Noreen Sousa, a Macanese great-grandmother who is an encyclopaedia of Macanese cuisine, says these intermarriages were a key ingredient to developing the flavours we know and love.  

“Many of these [Portuguese] sailors intermarried with Chinese women from Macao, as well as Goan, Malay, and Southeast Asian women,” says Sousa. “The wives would cook their own dishes but also to try to please their husbands. They would make do with what they had to replicate the dishes their husbands were used to.” 

As a result, explains Sousa, the husbands and wives learned from each other’s cultures and used local ingredients as well as what was transported on the ships to create new dishes. Gradually a new cuisine was formed in the homes of Macanese families.

Heavily influenced by Chinese food, Macanese cuisine took on all the elements of the spice routes across Africa, Malaysia and India yet managed to also retain its strong link to the Iberian world. The unique mix of flavours gave rise to iconic Macanese dishes like African chicken, tamarind-braised pork and minchi – Macao’s de facto dish. 

Believed to have descended from both the English and Goan communities in the city, the centuries-old creation features minced or ground beef or pork which is flavoured with molasses and soy sauce, and usually comes with a fried egg on top. But these well-known dishes represent only a fraction of the many unique dishes that once made up the world’s first fusion cuisine. 

Disappearing ingredients and secret recipes  

Today, Macanese cuisine faces challenges on multiple fronts, from hard-to-find ingredients to time-intensive production methods and closely guarded recipes.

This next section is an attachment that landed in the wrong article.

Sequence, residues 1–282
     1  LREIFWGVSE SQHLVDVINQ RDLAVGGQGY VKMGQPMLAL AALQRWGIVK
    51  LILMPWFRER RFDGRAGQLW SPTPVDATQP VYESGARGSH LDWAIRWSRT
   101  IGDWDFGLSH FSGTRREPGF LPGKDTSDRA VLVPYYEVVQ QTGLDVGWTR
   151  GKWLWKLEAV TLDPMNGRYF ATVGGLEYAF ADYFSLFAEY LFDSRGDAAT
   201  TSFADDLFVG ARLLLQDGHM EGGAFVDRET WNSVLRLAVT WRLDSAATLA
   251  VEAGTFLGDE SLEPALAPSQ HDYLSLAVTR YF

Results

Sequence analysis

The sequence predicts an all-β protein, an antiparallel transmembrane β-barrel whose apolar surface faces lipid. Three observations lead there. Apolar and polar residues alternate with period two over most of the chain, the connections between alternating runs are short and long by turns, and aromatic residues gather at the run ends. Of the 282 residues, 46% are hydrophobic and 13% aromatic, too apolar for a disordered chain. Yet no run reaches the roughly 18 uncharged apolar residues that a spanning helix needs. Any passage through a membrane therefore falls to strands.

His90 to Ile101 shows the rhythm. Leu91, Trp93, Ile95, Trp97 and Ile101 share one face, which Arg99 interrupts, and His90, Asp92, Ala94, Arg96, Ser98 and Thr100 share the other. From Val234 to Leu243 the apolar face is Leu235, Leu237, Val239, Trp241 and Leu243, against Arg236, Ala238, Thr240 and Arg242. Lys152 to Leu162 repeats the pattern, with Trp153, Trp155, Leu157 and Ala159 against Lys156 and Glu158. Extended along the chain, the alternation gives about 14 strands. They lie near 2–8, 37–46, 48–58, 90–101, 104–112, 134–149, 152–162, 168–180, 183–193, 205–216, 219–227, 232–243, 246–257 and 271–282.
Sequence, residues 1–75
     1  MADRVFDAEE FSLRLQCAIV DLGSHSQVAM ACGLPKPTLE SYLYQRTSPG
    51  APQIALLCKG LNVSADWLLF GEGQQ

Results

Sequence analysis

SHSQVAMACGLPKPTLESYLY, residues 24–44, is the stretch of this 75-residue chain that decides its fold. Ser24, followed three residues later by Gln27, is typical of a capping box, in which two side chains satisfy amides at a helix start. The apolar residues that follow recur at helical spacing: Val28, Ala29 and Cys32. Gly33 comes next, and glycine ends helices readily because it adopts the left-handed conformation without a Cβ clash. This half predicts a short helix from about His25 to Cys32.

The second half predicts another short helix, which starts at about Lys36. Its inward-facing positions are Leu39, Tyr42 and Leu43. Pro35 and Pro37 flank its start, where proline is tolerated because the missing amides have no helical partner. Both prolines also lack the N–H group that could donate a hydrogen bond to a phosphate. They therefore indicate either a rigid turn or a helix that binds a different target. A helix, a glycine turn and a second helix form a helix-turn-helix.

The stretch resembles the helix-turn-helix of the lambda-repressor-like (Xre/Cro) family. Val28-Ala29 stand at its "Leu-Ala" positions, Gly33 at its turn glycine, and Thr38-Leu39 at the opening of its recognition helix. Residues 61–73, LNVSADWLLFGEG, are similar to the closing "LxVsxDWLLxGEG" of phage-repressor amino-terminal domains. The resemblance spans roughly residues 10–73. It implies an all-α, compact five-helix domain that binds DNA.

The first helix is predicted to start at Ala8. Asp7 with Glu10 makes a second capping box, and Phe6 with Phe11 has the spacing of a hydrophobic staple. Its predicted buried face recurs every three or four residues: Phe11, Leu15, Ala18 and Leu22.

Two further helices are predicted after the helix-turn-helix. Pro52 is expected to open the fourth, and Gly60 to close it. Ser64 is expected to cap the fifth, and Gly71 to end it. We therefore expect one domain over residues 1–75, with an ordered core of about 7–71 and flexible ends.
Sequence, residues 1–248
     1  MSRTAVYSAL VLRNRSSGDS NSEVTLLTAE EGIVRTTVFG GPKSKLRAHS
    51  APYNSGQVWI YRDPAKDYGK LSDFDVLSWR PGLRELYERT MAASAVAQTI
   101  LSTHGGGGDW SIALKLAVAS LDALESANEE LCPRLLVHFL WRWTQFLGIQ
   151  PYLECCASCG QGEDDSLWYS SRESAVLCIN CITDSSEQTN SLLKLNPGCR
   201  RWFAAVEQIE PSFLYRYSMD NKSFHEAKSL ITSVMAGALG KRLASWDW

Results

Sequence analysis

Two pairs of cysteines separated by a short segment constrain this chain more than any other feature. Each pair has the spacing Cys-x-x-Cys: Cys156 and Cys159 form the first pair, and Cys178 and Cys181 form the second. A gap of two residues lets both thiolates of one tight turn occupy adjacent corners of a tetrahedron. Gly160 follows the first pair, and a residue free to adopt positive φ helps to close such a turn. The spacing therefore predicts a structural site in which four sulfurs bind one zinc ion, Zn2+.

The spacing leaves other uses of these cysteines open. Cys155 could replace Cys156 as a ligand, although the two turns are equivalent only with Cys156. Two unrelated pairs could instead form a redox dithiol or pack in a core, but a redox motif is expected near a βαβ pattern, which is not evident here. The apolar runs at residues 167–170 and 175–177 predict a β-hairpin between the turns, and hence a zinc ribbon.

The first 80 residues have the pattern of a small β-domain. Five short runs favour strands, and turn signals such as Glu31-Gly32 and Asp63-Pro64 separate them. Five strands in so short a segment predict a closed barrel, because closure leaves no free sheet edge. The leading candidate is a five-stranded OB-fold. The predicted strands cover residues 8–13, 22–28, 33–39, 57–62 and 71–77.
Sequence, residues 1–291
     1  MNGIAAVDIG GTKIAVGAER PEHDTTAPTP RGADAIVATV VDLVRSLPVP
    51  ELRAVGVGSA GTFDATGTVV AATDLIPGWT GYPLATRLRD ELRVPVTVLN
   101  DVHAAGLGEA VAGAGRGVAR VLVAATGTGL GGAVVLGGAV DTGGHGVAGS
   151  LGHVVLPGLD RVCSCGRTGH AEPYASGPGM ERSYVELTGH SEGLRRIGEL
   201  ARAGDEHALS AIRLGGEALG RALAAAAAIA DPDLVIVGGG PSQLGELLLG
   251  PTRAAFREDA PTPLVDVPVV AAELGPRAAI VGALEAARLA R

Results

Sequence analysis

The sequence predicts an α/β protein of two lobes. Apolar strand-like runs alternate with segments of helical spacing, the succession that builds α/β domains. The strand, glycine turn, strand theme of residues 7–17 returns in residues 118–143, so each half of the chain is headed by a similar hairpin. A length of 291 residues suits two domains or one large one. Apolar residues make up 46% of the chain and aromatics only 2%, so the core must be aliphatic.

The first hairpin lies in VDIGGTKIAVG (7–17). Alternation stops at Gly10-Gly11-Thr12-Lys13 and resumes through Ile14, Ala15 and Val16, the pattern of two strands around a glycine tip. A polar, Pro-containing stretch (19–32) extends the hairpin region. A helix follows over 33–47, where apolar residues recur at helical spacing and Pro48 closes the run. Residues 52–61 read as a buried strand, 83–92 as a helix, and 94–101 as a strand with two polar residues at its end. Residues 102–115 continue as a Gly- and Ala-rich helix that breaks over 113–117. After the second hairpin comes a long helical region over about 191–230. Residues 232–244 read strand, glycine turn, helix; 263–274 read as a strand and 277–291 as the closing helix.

Many Macanese dishes have become harder and harder to produce over the years, both in terms of sourcing ingredients and manpower. Take balichão, for instance. Typically made with krill (a type of small crustacean), this famous shrimp paste came to be after the Portuguese introduced pastes from other ports to Macao. 

Borrowing inspiration from the various pastes, Macao locals then developed their own special variant, balichão, which quickly became the base of countless dishes. For hundreds of years, it was the most important of all Macanese concoctions.

It was neither fully Chinese nor Portuguese, but rather a fusion of cultures that gave a unique taste to many classic Macanese dishes. But today, it’s largely disappeared from culinary creations. 

Maria João Ferreira, a board member at Lisbon member’s club Casa de Macau, describes balichão as “the main sauce and seasoning that is very dear seasoning of the Macanese cuisine which is, sadly, about to disappear,” she continues.

Some believe the condiment is facing extinction due to the lengthy fermentation process and hard-to-source krill, which are the main ingredient, according to Ferreira. 

Other important ingredients, like tamarind – a tart fruit from the tamarind tree which is used as a spice and souring agent in curries, chutneys and bean dishes – and fresh coconut milk have also become harder to find.